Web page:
Originality of Expression and Formal Citation Practices

Perceptions of Students and Professors


  • Ling Shi University of British Columbia




plagiarism, original expressions, citation practices, words vs. ideas, interviews, University writing


Based on the theory of dialogism (Bakhtin, 1981) and intertextuality (Kristeva, 1986), this study explores students’ and professors’ thoughts about formal citation practices based on their comments on whether certain words from source materials need to be acknowledged as others’ words in student writing. A total of 75 students and faculty members at a North American university were interviewed to comment on five examples of language re-use in some undergraduate writing. Participants’ comments focused on how they valued and distinguished (a) between words and ideas, (b) between words representing specialized concepts and words forming a grammatical structure, and (c) between specialized or newly coined words and words that have become widespread since their creation in a specific subject area. The study suggests the complexity of original expression and makes visible what individual students and professors are considering in their citation practices. The study further suggests that writing pedagogy needs to move from rule following to judgment and defense of judgment.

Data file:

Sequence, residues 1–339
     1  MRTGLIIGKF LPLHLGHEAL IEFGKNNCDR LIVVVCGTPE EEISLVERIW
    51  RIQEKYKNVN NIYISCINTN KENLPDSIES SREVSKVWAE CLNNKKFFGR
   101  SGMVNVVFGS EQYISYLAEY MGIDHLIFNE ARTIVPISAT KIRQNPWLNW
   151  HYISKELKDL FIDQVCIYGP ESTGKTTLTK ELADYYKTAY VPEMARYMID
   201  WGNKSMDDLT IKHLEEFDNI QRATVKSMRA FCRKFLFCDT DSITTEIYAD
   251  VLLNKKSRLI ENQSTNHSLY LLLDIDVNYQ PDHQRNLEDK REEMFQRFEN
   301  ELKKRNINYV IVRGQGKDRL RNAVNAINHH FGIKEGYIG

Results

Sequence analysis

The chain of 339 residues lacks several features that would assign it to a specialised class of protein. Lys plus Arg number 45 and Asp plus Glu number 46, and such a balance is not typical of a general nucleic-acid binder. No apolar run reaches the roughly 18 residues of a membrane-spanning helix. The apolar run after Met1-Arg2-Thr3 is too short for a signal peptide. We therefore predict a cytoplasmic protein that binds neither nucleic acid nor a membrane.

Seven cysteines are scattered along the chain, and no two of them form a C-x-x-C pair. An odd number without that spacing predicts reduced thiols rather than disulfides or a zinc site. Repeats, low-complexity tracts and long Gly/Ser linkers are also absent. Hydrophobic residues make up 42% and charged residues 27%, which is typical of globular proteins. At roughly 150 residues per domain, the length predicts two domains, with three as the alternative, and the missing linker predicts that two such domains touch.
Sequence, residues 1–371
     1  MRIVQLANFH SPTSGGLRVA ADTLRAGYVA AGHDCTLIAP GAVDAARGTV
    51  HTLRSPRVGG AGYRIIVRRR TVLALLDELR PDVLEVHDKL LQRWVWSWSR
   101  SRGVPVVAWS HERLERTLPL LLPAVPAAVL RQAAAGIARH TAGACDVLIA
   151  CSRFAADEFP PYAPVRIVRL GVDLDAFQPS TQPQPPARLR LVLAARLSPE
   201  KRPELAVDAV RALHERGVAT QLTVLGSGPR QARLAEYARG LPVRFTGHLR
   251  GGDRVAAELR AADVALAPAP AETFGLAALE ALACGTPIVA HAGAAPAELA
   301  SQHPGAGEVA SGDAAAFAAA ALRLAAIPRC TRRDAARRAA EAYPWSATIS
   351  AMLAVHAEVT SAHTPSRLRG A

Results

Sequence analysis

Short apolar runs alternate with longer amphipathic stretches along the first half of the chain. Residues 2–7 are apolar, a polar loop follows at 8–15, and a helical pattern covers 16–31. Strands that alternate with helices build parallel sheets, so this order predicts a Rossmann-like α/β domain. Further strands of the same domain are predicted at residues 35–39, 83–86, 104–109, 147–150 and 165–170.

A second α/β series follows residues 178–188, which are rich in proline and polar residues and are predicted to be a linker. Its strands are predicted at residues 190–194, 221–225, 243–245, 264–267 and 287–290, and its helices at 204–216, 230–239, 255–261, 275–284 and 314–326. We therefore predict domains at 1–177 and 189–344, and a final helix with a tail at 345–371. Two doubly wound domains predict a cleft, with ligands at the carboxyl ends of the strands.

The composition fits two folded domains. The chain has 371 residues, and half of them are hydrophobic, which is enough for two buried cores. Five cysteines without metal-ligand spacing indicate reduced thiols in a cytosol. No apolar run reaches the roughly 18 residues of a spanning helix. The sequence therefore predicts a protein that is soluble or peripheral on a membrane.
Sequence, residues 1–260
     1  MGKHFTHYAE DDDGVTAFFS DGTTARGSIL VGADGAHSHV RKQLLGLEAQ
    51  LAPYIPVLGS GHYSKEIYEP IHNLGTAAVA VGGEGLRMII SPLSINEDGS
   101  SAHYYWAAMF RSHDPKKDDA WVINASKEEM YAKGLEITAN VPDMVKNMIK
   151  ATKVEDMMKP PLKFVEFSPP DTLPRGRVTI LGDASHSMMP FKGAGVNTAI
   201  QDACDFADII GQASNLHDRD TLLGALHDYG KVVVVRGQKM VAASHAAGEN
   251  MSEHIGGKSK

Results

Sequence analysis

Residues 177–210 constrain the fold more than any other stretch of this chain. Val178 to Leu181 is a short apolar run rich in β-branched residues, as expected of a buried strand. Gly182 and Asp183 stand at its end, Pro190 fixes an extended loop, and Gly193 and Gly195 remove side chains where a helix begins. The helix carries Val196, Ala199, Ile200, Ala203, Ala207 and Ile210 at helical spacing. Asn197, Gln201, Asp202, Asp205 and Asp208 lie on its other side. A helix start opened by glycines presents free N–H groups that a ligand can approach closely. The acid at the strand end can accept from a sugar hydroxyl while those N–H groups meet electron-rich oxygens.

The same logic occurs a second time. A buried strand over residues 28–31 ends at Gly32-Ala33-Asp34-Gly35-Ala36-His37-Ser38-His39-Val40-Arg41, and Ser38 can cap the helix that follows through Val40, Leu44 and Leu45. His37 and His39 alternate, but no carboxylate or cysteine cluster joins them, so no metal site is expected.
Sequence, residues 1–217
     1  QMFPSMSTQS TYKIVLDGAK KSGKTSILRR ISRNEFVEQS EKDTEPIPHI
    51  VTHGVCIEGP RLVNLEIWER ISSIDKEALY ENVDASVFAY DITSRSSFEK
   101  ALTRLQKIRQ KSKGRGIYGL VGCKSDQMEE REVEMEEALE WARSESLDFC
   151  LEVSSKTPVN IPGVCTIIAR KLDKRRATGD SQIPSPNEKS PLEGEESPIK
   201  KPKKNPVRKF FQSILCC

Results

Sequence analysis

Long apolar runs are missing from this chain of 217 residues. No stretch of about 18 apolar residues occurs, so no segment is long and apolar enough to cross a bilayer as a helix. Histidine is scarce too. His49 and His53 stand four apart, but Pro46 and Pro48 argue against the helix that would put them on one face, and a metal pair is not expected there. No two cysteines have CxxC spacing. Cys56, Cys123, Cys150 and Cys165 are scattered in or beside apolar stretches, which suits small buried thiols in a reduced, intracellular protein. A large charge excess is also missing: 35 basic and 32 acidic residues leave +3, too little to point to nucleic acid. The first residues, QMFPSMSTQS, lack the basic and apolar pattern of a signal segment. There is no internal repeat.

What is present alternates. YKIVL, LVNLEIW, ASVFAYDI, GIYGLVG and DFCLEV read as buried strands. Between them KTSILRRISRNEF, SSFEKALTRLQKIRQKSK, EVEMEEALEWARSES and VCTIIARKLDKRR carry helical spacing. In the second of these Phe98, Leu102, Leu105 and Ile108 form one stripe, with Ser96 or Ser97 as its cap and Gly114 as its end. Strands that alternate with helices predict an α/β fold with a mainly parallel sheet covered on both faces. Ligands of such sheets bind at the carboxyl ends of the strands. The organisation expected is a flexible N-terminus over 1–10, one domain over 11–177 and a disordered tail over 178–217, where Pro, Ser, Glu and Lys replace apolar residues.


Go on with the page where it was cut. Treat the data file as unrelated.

Author Biography

Ling Shi, University of British Columbia

Ling Shi holds a Ph.D. from the Ontario Institute of Education affiliated to the University of Toronto in Canada. She is currently an Associate Professor in the Department of Language and Literacy at the University of British Columbia. Her research focuses on second language writing and she has recently published in Applied Linguistics, Research in the Teaching of English, and Assessing Writing.


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How to Cite

Shi, L. (2012). Originality of Expression and Formal Citation Practices: Perceptions of Students and Professors. Writing and Pedagogy, 4(1), 43–67. https://doi.org/10.1558/wap.v4i1.43



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